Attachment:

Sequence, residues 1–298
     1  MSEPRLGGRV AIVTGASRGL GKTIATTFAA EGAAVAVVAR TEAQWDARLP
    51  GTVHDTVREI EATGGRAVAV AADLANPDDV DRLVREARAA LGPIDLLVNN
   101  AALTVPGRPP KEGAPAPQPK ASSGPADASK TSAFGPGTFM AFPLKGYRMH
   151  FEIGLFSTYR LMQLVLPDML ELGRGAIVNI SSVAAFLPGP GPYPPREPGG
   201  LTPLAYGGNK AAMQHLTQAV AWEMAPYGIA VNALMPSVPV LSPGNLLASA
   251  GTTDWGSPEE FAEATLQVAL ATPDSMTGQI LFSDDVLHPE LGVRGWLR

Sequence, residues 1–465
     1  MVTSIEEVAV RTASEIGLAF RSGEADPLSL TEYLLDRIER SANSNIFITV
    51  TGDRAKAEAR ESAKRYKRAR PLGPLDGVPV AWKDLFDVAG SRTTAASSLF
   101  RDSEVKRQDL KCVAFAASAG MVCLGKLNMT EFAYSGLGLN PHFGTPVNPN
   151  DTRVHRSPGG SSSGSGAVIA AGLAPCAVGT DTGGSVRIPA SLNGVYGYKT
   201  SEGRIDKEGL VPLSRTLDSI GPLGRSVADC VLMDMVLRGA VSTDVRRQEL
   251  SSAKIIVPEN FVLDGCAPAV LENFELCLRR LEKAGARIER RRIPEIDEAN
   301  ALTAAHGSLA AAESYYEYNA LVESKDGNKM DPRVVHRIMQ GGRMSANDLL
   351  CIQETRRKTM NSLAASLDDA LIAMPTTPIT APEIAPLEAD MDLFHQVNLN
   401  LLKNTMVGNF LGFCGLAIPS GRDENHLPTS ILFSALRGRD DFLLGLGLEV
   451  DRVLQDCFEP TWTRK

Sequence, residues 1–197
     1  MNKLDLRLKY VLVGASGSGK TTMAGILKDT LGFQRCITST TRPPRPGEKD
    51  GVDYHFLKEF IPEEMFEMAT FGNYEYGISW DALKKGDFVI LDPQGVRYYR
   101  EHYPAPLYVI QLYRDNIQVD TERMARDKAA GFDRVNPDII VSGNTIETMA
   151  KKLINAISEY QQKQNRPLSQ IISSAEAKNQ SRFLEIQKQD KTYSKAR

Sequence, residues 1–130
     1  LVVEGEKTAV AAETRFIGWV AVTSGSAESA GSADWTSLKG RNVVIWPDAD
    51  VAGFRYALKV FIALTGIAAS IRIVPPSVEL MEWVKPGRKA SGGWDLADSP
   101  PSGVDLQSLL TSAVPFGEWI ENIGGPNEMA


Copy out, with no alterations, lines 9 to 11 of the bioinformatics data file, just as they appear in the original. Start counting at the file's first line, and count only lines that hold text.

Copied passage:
     1  MVTSIEEVAV RTASEIGLAF RSGEADPLSL TEYLLDRIER SANSNIFITV
    51  TGDRAKAEAR ESAKRYKRAR PLGPLDGVPV AWKDLFDVAG SRTTAASSLF
   101  RDSEVKRQDL KCVAFAASAG MVCLGKLNMT EFAYSGLGLN PHFGTPVNPN